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Wilderness & Environmental Medicine

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https://www.readbyqxmd.com/read/28318991/bleeding-control-using-hemostatic-dressings-lessons-learned
#1
REVIEW
Brad L Bennett
Based on lessons learned, many military battlefield trauma advances ultimately transition to enhance civilian trauma care. However, even with major strides to enhance battlefield hemorrhage control, it is unclear how effectively these techniques and products are being translated to civilian trauma. The purpose of this brief review is to present the evidence of current hemostatic product effectiveness, determine the evidence for transitioning of this technology to prehospital civilian application, and provide recommendations about potential use in the wilderness/austere setting...
March 16, 2017: Wilderness & Environmental Medicine
https://www.readbyqxmd.com/read/28318990/junctional-hemorrhage-control-for-tactical-combat-casualty-care
#2
REVIEW
Russ S Kotwal, Frank K Butler
During historic, as well as more recent, conflicts, most combat casualties who die from their injuries do so in the prehospital setting. Although many of the injuries incurred by these casualties are nonsurvivable, a number of injuries are still potentially survivable. Of those injuries that are potentially survivable, the majority are truncal, junctional, and extremity hemorrhage. Novel and effective approaches directed toward prehospital hemorrhage control have emerged in recent years, some of which can prove useful in the management of junctional hemorrhage whether in a military or civilian setting...
March 16, 2017: Wilderness & Environmental Medicine
https://www.readbyqxmd.com/read/28318989/first-report-of-using-portable-unmanned-aircraft-systems-drones-for-search-and-rescue
#3
Christopher Van Tilburg
Unmanned aircraft systems (UAS), colloquially called drones, are used commonly for military, government, and civilian purposes, including both commercial and consumer applications. During a search and rescue mission in Oregon, a UAS was used to confirm a fatality in a slot canyon; this eliminated the need for a dangerous rappel at night by rescue personnel. A second search mission in Oregon used several UAS to clear terrain. This allowed search of areas that were not accessible or were difficult to clear by ground personnel...
March 16, 2017: Wilderness & Environmental Medicine
https://www.readbyqxmd.com/read/28284484/tactical-combat-casualty-care-transitioning-battlefield-lessons-learned-to-other-austere-environments
#4
EDITORIAL
Brad Bennett, Ian Wedmore, Frank Butler
No abstract text is available yet for this article.
March 8, 2017: Wilderness & Environmental Medicine
https://www.readbyqxmd.com/read/28284483/tactical-combat-casualty-care-beginnings
#5
REVIEW
Frank K Butler
Tactical Combat Casualty Care (TCCC) is a set of evidence-based, best-practice prehospital trauma care guidelines customized for use on the battlefield. The origins of TCCC were nontraditional. The TCCC program began as a Naval Special Warfare biomedical research effort launched after the realization that extremity hemorrhage, a leading cause of preventable death on the battlefield, was not being treated with a readily available and highly effective intervention: the tourniquet. This insight prompted a systematic reevaluation of all aspects of battlefield trauma care that was conducted from 1993 to 1996 as a joint effort by special operations medical personnel and the Uniformed Services University of the Health Sciences...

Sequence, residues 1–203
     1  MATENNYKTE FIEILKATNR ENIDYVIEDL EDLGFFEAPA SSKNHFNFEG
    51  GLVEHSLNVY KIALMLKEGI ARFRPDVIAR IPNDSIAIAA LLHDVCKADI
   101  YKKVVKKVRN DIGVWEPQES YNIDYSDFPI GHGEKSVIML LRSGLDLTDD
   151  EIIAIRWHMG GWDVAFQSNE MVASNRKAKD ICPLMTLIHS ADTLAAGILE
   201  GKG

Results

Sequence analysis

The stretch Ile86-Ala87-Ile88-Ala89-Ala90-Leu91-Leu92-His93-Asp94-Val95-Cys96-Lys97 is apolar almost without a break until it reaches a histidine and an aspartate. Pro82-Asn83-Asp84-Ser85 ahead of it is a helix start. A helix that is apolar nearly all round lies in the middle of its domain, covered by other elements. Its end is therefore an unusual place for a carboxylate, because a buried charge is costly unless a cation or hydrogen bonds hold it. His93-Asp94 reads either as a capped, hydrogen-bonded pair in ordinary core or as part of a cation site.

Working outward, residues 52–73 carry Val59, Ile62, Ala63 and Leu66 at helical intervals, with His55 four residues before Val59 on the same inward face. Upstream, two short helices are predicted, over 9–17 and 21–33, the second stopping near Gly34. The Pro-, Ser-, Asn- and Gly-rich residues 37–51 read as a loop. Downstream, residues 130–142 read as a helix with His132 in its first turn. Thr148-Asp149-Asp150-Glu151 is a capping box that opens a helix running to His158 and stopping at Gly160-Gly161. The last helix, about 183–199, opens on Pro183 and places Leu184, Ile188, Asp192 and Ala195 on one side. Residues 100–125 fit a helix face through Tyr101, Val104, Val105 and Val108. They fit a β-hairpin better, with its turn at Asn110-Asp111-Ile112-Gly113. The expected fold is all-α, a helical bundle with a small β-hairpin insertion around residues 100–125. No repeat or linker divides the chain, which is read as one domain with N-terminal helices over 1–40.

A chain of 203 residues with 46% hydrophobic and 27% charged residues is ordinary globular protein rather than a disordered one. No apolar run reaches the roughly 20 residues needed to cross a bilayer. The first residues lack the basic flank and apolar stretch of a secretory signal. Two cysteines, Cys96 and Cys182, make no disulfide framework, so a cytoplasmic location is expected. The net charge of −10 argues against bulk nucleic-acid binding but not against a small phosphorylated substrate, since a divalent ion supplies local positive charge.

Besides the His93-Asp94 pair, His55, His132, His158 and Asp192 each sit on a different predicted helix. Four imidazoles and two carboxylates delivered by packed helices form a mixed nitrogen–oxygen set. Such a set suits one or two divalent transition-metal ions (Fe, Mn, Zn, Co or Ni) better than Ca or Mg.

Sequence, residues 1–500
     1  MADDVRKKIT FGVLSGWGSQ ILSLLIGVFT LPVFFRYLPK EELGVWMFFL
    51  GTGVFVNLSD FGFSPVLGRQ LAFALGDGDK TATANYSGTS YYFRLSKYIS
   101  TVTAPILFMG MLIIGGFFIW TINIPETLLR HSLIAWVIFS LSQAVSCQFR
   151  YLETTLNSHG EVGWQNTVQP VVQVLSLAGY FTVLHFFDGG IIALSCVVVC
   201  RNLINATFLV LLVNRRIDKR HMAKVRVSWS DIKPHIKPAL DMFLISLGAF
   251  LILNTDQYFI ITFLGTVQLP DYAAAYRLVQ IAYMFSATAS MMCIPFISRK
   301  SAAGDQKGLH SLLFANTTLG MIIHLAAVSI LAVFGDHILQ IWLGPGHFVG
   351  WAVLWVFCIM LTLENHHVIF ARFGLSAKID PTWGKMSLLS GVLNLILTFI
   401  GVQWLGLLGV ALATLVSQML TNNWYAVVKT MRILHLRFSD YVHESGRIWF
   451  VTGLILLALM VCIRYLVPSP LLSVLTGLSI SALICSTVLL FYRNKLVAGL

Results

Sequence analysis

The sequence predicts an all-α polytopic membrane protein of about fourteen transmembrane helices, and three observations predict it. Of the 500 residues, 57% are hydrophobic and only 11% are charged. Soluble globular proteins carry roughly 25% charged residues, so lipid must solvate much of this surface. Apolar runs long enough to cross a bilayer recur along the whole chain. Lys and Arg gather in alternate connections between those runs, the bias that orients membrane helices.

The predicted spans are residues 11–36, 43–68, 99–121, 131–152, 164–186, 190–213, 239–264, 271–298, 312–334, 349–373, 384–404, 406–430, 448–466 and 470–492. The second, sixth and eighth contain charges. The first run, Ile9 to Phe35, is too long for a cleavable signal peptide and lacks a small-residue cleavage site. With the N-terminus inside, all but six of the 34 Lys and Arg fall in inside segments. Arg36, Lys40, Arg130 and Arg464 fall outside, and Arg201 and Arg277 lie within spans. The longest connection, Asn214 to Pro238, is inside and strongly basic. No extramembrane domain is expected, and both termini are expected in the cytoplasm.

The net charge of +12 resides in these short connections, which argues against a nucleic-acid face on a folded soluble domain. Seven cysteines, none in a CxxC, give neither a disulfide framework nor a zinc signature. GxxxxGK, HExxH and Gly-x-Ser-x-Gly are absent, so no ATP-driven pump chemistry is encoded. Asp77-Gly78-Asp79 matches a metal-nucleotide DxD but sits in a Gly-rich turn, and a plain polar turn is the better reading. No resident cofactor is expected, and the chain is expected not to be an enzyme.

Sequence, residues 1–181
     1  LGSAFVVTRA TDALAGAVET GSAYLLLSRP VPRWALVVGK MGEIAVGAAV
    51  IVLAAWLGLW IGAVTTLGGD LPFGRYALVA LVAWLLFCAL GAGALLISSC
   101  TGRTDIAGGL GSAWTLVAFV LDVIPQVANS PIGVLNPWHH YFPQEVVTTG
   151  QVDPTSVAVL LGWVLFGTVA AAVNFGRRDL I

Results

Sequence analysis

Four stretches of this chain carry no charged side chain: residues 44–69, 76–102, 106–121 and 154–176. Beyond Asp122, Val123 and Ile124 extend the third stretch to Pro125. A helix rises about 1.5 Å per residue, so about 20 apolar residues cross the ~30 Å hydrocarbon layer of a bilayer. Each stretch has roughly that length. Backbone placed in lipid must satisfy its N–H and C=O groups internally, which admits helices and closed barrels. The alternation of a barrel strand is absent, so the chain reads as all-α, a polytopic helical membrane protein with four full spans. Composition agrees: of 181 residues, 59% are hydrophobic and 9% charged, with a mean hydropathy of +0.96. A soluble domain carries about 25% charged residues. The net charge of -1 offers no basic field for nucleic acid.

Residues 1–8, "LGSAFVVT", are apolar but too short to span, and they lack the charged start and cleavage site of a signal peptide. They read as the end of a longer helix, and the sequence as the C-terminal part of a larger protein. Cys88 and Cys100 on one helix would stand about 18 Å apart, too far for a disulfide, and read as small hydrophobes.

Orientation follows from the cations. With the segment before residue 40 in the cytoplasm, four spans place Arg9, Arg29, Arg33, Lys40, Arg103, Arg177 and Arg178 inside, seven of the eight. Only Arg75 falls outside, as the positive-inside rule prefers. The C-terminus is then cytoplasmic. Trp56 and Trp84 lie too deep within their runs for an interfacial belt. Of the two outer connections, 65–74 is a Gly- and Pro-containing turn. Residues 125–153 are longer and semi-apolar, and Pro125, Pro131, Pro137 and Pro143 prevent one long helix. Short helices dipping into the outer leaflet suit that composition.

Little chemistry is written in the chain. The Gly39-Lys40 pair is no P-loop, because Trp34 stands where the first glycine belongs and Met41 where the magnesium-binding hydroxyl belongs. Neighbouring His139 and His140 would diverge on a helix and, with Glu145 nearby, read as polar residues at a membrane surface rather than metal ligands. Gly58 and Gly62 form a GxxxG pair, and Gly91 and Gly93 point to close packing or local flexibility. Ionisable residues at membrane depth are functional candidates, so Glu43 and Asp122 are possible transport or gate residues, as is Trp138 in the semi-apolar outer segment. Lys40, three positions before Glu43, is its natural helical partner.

March 8, 2017: Wilderness & Environmental Medicine
https://www.readbyqxmd.com/read/28279652/the-transition-to-the-committee-on-tactical-combat-casualty-care
#6
REVIEW
Stephen D Giebner
The original Tactical Combat Casualty Care (TCCC) guidelines were published in a special supplement to Military Medicine in 1996 as the terminal deliverable of a 2-year development project funded by the United States Special Operations Command (USSOCOM). Two years later, the USSOCOM Biomedical Initiatives Steering Committee (BISC) promulgated its Task Statement 5-98, in which it called for the formation of a panel of subject matter experts to update the TCCC guidelines. This article discusses the formation of the Committee on Tactical Combat Casualty Care (CoTCCC) and the changes to the original guidelines that constituted the first update...
March 6, 2017: Wilderness & Environmental Medicine
https://www.readbyqxmd.com/read/28162912/turning-submissions-into-a-journal
#7
EDITORIAL
Neal W Pollock
No abstract text is available yet for this article.
February 2, 2017: Wilderness & Environmental Medicine
https://www.readbyqxmd.com/read/28161320/in-reply-to-drs-sikri-bhattachar-and-thapa
#8
LETTER
James S Lawrence, Stephen A Reid
No abstract text is available yet for this article.
February 1, 2017: Wilderness & Environmental Medicine
https://www.readbyqxmd.com/read/28153379/2016-wilderness-environmental-medicine-peer-reviewers
#9
EDITORIAL
Alicia Byrne
No abstract text is available yet for this article.
January 30, 2017: Wilderness & Environmental Medicine
https://www.readbyqxmd.com/read/28089338/lymphangitis-from-scolopendra-heros-envenomation-the-texas-redheaded-centipede
#10
Shannon E Essler, Maneesha Julakanti, Andrew L Juergens
Envenomation by Scolopendra heros, the Texas redheaded centipede, can present variably. Although transient pain and erythema are often treated conservatively, complications may include cellulitis, necrosis, myocardial infarction, and rhabdomyolysis. We present a case of an elderly man who came to the emergency department with lymphangitis and dermatitis secondary to a centipede sting that awoke him from sleep. It is important to recognize the potential of centipede envenomation to have severe local and systemic manifestations...
January 11, 2017: Wilderness & Environmental Medicine
https://www.readbyqxmd.com/read/28087324/on-rope-looking-up
#11
Joshua E Lane
No abstract text is available yet for this article.
January 10, 2017: Wilderness & Environmental Medicine
https://www.readbyqxmd.com/read/28087323/severe-hemorrhagic-syndrome-after-lonomia-caterpillar-envenomation-in-the-western-brazilian-amazon-how-many-more-cases-are-there
#12